I am going to apologize in advance for yet another post dealing with health care costs. When I started writing this blog I thought I would be leaning more towards a “helpful hints” website. So far I have been on my soap box and I am afraid this post will deal once again with costs. You do have my promise that my very next post will include resources to help you.
This being said, I wanted to share something with you. Now, I live in the state of New York and I would like to know if this is a New York thing or if this happens everywhere. My Grandmother passed away. She was 92 so she lived a good long life and she died in her sleep. My mother got a call from Grandma’s cleaning lady that she had found her in bed and that she was deceased.
Mom has medical experience so she checked for vitals, the body was cool to the touch, Grandma was obviously gone. Mom called the funeral home to have them send transport and then she finally got through to the doctor to report the death. The doctor’s office told Mom that in New York since it was an unattended death, she still needed to call emergency services. And for that, we received a bill for a $600 ambulance ride a couple of months later. According to a guy I know that is in the limousine business, we could have taken Grandma for a rather luxurious ride for most of the day for that amount of money! Continue reading THE “AMBULANCE RIDE” MEDICARE PAID FOR
I just cannot shake the high cost of health care from my list of worries. And that being said, it has come to my attention that patients and families of patients battling cancer have turned to “crowdfunding” (Click here)as a source of funding for medical bills, Modern technology has brought a great opportunity to people having difficulties paying for their medical expenses while battling cancer. Some of these expenses include, but are not limited to, travel costs for treatment, chemotherapy, radiation, vitamins, wigs, various medications, the cost of missing an expanded period of work, childcare, doctors appointments, family/living expenses, caregiving expenses, potential legal issues, etc. In theory, Obamacare makes it so insurance companies cannot opt of covering preexisting conditions, but it’s the hidden fees and invisible costs that get to the pockets of patients and their families.
My family, in particular, learned this when my mother was diagnosed with colon cancer and breast cancer within three months of each other. My mother, in her mid 50’s is our primary source of family income. My younger sister and I are her only two children. As a teacher, we were very lucky that she had enough sick days to cover her year out of work. She also had great health insurance that covered a majority of her treatment. Yet, having some of the best treatment coverage one could possibly have still was not enough for us. The co-payments for her daily and weekly treatments added up quickly. The 40 minutes to an hour of driving per visit to her oncologist, surgeon, and various other doctors she had to see, took up a lot of gas.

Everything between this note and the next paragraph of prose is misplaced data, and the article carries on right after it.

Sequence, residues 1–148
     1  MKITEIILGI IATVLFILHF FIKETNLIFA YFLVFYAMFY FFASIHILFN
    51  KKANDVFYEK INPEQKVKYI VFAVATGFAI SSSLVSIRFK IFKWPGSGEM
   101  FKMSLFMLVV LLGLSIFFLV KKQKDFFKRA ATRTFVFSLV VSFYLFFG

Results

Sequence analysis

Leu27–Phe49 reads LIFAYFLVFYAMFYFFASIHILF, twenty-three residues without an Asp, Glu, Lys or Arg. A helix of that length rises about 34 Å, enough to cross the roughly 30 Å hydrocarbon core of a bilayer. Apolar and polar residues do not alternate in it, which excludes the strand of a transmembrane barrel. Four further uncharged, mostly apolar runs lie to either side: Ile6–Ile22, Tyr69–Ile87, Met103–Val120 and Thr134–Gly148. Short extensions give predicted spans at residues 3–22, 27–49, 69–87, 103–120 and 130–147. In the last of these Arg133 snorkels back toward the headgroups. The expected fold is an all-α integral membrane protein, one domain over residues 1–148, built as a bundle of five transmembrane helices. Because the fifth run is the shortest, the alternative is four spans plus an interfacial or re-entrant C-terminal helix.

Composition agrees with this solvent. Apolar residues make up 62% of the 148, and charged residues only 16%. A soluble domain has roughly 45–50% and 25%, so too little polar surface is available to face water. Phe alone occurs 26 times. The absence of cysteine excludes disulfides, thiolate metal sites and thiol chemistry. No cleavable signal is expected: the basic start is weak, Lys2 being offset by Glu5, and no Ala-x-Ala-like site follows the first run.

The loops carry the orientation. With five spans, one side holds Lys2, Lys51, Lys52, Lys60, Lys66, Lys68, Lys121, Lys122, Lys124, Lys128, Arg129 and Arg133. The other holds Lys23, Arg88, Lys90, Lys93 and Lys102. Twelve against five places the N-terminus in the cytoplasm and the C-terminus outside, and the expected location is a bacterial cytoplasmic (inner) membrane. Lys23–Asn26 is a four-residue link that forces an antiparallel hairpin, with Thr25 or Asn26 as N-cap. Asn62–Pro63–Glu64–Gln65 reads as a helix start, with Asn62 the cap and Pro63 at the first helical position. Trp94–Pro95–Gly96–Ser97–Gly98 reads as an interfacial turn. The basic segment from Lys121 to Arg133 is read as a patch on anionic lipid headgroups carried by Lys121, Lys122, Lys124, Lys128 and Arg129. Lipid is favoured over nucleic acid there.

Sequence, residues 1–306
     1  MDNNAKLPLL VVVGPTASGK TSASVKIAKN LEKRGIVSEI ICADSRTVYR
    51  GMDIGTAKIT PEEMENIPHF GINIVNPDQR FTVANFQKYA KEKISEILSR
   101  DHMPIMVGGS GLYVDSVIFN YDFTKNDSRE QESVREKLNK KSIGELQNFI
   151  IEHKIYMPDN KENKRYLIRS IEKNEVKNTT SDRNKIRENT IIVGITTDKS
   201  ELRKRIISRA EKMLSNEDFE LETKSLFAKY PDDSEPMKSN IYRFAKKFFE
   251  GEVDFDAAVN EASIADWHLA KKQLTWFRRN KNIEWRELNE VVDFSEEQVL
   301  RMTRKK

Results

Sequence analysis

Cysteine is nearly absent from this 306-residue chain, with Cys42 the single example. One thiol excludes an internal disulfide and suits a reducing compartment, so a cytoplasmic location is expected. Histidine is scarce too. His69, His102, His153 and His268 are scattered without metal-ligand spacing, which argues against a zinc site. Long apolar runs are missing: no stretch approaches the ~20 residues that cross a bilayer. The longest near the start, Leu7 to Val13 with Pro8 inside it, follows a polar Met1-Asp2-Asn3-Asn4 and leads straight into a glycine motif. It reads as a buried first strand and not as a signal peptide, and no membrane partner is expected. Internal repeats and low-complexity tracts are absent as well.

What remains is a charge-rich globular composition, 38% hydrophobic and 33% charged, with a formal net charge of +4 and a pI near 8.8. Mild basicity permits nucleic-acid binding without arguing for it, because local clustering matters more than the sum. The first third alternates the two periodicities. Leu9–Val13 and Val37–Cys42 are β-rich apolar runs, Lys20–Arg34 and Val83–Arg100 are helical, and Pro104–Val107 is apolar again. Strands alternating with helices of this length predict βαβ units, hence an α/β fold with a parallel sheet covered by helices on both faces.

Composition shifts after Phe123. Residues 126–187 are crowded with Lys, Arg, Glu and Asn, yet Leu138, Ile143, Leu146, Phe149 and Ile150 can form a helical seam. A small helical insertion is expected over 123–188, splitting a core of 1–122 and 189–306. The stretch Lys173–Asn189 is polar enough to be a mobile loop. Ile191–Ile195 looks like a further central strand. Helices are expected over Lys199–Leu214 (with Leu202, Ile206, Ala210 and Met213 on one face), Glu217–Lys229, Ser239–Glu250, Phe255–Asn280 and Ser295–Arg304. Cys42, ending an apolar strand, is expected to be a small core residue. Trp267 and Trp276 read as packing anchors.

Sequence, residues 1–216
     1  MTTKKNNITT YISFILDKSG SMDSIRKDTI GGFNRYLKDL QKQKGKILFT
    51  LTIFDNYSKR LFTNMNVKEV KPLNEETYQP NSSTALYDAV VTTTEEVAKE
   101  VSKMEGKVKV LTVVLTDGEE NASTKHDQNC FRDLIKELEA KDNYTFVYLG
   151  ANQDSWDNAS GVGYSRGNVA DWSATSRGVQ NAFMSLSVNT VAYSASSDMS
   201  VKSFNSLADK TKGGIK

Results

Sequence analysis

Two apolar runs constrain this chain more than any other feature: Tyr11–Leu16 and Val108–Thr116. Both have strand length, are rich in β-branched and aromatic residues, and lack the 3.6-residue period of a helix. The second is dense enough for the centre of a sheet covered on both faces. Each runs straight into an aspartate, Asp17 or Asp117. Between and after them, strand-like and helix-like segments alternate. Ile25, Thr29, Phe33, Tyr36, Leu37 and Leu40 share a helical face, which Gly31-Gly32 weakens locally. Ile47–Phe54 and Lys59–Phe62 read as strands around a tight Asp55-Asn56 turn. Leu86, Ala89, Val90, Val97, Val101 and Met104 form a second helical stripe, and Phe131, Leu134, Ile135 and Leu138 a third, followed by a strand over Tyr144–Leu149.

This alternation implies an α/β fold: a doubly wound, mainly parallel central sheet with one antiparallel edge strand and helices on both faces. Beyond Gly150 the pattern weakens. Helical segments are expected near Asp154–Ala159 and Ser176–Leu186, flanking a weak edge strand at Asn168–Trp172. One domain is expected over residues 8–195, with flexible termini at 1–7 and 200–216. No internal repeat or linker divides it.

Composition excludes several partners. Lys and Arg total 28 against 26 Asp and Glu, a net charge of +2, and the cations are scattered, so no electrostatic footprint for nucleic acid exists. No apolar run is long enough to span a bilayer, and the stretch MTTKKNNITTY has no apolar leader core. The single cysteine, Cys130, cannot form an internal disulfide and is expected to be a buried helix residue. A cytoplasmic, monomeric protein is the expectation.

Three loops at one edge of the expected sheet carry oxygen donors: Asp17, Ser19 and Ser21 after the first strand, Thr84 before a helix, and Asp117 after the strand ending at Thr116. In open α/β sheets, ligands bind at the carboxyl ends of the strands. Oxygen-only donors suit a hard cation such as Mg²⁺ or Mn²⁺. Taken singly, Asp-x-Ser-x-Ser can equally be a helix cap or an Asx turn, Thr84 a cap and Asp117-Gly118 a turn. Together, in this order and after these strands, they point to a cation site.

The care that she received at New York Oncology Hematology in Rexford and Ellis Hospital in Schenectady was top notch. I saw this with my own eyes the one day I could get off of work to take her to a chemotherapy session. This particular day she experienced an unexpected allergic reaction. As I ran to get the nurse, watching my mother’s face turn a deep shade of red under her scarfed head, the nurses had her taken care of as soon as the words “My mother needs help” slipped from my mouth. I am not denying in my argument that healthcare workers deserve anything less than what they are being paid. In order to save the patients money. I am, however, arguing that there should be more done for the invisible expenses cancer patients face. Continue reading The Invisible Fees Hitting Our Community’s Cancer Patients
Obama care will go down in History as the President’s biggest folly. No doubt the that the President had good intentions, but in his arrogance, he implemented a system that was supposed to encourage States to implement their own exchanges. 34 states failed to set up exchanges. And those states that did set up exchanges have not all been successful. Hawaii is an example. $205 million dollars of federal taxpayer dollar were spent on Hawaii’s state healthcare exchange. Now Hawaii is asking for $30 million dollars to switch over to the Federal Obamacare Exchange instead. Note the Hawaii that the New York Post referred to Hawaii “a trailblazer of socialized medicine for nearly four decades”. Continue reading OBAMACARE DOOMED TO LIFE SUPPORT
The healthcare issues affecting our country in 2015 stem from the desire to see that everyone has an opportunity to receive medical treatment and trying to determine a fair and equitable way to pay for services.
The cost of healthcare has skyrocketed over the last several decades. Partially, this is a result of the increased number of treatments available. Some of it is a result of the imposition of overlapping oversight imposed by regulating agencies. There is also the effect of insurance companies trying to satisfy shareholders. As a result, we just keep chasing our tails in the attempt to fix the problem. Continue reading HEALTHCARE: Dollars, cents, and responsibility.
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